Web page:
While Minecraft creator Marcus ‘Notch’ Persson remains an avowed fan of Bethesda games, the legal argy-bargy between the Elder Documents publisher and Notch’s company Mojang over its forthcoming second game ‘Scrolls’ doesn’t look like dying down any time soon. In fact, the big B has stepped up its efforts, announcing its intention to sue Mojang in a Swedish court, as well as a demand for money. In a blog post explaining a little of his side of things, Notch reveals that this all happened shortly after Mojang tried to trademark ‘Scrolls’, which rang alarm bells for the rights-holders of The Elder Rolled-Up Papers. Common sense has had us all thinking the situation is simply ridiculous – one word within a title hardly equals the same title, right?
Well, it may not be that simple. In other words- Bethesda might well have a case, regardless of how you might feel about it.
Games lawyer and friend of RPS Jas Purewal writes on his Gamer/Law blog has taken a long look at the situation and how it relates to trademark law, feeling that it boils down to these two key arguments:
(1) Is Mojang selling identical or similar goods/services to Bethesda in an identical/similar business?
(2) Is there a likelihood of public confusion between Scrolls and The Elder Scrolls?
It’s the second point that might be the lychpin of any action (or settlement), he claims, but there’s no cut and dried answer to it. “On the one hand, clearly The Elder Scrolls IS the foremost game series to use the word ‘Scrolls’ and a consumer may therefore think that the Mojang game Scrolls is part of the Elder Scrolls series. On the other hand, the Mojang game Scrolls is reportedly going to be a different game to The Elder Scrolls series and Mojang itself has a good brand profile among gamers, making it arguably less likely that its game would be connected with Bethesda. Then again, if you just look at the games themselves, both are fantasy themed (one first person RPG, the other a card playing game with RPG elements) so is there a risk of confusion there? As you can see, it’s far from a straightforward yes/no answer.”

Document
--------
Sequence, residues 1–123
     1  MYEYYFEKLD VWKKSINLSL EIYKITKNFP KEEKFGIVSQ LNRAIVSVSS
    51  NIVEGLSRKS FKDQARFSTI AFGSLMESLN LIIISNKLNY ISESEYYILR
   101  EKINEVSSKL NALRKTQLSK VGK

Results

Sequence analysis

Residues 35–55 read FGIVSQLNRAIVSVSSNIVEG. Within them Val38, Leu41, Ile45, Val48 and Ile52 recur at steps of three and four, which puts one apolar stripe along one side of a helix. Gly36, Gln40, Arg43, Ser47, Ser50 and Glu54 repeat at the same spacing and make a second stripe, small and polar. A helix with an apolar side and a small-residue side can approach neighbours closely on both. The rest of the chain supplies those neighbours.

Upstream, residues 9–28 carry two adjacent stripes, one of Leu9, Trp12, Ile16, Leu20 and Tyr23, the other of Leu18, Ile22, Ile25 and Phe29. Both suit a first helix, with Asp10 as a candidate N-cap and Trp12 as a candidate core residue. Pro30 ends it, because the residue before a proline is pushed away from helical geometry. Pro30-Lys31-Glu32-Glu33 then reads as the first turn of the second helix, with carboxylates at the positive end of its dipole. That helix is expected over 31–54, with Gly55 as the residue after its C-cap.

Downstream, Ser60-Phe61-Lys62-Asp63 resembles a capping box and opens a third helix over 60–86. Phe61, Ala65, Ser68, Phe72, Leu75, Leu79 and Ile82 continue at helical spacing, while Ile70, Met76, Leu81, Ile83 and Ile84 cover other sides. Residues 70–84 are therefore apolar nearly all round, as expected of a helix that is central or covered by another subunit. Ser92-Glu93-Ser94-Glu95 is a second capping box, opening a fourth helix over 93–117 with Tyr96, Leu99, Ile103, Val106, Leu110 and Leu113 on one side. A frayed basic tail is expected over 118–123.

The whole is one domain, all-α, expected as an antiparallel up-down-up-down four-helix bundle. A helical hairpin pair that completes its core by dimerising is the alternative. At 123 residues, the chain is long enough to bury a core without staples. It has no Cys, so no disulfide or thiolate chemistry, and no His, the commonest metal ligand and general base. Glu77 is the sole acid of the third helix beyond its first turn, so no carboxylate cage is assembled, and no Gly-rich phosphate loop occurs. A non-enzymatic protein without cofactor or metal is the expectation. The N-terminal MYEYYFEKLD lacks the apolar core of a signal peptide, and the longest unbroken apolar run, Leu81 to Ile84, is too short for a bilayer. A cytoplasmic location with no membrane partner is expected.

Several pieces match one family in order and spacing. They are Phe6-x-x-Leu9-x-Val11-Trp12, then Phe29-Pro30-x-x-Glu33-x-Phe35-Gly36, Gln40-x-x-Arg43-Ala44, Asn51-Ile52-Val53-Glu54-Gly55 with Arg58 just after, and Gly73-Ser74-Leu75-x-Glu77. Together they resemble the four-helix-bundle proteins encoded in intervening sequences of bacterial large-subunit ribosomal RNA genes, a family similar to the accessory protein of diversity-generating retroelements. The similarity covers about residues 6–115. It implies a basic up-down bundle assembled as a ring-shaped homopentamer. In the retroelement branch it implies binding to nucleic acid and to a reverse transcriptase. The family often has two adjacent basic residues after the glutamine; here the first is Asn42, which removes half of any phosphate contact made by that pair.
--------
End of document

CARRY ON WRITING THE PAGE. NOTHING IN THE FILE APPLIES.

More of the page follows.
Common sense and the product familiarity will have games-knowledgeable folk such as you and I convinced there shouldn’t be cause for concern, but as Murder Dog IV tries to prove, the law’s all too capable of interpreting things very, very differently.
Also in the mix is that “There’s one more key aspect about trade marks you need to know: once you have one, you need to enforce it.” Otherwise, as was the case with Hoover, you might end up losing it. Bethesda may not even want to do this, especially as suing indie’s golden boy is hardly the way to earn gamers’ love – but they may feel they have to.
So, Gamer/Law feels, “Mojang has three options at present:
(1) Fight the claim
(2) Capitulate and change the game name
(3) Agree to coexist with Bethesda (ie both use the name Scrolls, potentially in return for Mojang paying Bethesda).”
2 or 3 is apparently most likely due to the costs of 1, for both sides. Neither of them seem fair, of course – but that’s because ‘fair’ pretty much doesn’t come into matters of trademarking. If it did, we’d probably never have heard of Tim Langdell.
So, this story probably isn’t a just a matter of crossed wires or one over-zealous lawyer, and instead could hang around for quite some time. Especially as the ongoing fight with Interplay suggests Bethesda isn’t exactly afraid of long and bitter legal fights regarding what it feels are its trademarks.
Incidentally, do read the entirety of Jas Purewal’s post about all this – it’s highly illuminating regarding matters of taking out, enforcing and battling trademarks.